NEW YORK (AP) — Major Owens, a New York City Democrat who served 12 terms in the U.S. House and was credited with helping to pass the Americans with Disabilities Act of 1990, has died at age 77.
Owens died Monday night at NYU Langone Medical Center of renal failure and heart failure, his son Chris Owens said. The family posted on Owens’ Facebook page that “the brave heart of Congressman Major Owens stopped and he joined the ancestors.”
Owens represented a Brooklyn congressional district from 1983 to 2007.
“New York City has lost a champion who exemplified the very best of what a Congress member can be,” City Comptroller John Liu said in a statement. “His work in helping to pass the Americans with Disabilities Act will serve as one of his lasting legacies.”
Owens was born in Collierville, Tenn., and earned a bachelor’s degree from Morehouse College and a master’s of library science at Atlanta University. He worked as a librarian at the Brooklyn Public Library before entering politics.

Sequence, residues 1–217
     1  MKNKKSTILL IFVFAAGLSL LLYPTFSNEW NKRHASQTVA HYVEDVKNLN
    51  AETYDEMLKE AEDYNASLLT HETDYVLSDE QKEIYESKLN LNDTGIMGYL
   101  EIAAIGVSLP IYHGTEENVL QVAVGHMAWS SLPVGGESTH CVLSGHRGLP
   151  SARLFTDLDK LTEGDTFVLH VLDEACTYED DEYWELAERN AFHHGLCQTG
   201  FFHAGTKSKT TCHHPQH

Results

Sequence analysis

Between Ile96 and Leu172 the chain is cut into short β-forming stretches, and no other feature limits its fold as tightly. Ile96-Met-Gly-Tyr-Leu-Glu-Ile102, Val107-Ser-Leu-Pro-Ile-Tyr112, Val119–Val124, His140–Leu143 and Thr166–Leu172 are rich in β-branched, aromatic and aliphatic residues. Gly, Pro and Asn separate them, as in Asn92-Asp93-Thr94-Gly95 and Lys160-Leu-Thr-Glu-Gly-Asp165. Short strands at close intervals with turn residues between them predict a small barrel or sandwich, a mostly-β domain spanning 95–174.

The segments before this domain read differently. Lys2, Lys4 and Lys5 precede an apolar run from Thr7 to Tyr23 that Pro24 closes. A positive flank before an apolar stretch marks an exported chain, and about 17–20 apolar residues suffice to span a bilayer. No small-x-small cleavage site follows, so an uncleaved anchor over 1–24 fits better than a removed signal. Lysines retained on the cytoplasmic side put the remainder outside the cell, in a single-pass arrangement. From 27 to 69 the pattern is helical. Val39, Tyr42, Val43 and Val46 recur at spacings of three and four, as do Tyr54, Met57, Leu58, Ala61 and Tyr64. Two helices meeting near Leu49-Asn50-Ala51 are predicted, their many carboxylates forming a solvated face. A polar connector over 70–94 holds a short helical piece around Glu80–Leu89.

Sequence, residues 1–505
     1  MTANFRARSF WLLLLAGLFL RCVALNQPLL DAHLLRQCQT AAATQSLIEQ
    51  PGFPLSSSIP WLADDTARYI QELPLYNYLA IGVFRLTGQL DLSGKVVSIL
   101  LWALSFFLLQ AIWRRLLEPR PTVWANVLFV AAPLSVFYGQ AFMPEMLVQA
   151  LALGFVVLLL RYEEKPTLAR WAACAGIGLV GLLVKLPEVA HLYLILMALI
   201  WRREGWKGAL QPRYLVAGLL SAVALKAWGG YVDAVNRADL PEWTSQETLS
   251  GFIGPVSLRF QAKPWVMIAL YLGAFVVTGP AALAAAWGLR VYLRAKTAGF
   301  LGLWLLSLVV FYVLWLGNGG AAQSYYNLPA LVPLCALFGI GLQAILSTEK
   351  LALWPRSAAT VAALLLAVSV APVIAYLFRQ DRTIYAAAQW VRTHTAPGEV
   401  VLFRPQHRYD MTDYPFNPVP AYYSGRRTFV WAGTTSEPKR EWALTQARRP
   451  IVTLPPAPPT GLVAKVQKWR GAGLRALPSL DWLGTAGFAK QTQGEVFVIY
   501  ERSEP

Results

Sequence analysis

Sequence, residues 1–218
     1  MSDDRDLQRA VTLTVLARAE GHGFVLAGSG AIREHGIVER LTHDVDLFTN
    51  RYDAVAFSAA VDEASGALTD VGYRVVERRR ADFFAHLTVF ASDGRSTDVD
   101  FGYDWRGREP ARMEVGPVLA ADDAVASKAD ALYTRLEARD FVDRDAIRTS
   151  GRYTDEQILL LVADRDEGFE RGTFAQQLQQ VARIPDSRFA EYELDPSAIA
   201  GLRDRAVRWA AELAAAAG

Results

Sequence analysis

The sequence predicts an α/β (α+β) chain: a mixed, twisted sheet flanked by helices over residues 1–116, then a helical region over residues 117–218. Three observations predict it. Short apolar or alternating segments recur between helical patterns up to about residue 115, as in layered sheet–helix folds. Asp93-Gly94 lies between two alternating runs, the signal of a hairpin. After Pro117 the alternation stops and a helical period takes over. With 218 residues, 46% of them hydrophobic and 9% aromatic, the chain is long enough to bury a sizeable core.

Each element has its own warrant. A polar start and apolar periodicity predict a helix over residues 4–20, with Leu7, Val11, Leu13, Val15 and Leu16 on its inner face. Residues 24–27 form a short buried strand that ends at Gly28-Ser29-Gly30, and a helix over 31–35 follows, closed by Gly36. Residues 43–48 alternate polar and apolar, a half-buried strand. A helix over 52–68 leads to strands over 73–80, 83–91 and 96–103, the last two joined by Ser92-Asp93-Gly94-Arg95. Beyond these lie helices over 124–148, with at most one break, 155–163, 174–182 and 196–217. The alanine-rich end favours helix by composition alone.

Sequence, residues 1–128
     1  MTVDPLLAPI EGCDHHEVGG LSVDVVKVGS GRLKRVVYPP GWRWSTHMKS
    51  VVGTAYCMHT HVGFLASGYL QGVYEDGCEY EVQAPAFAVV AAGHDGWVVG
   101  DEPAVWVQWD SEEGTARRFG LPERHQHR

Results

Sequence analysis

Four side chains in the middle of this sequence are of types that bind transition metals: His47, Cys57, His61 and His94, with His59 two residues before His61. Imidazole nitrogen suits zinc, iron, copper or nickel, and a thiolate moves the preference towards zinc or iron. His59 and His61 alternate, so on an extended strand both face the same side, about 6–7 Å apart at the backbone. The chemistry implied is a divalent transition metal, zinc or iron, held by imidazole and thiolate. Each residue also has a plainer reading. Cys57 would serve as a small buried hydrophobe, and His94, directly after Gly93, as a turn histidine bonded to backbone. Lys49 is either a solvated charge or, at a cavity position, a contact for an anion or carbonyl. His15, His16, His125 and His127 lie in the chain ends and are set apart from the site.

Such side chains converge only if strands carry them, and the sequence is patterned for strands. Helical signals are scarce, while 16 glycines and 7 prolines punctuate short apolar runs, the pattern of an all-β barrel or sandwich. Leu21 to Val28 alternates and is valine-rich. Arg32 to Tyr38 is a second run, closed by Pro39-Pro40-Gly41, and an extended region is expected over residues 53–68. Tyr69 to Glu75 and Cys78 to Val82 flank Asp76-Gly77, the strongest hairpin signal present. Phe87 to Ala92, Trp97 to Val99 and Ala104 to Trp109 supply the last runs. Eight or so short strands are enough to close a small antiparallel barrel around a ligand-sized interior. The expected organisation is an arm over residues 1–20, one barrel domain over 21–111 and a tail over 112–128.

In the 1960s, Owens worked on anti-poverty programs in the administration of New York City Mayor John Lindsay, and he was elected to the state Senate in 1974.
He was elected to the U.S. House in 1982, succeeding Shirley Chisholm, who retired. Owens’ diverse Brooklyn district included heavily Caribbean-American neighborhoods, upscale Park Slope and a large Hasidic area in Crown Heights.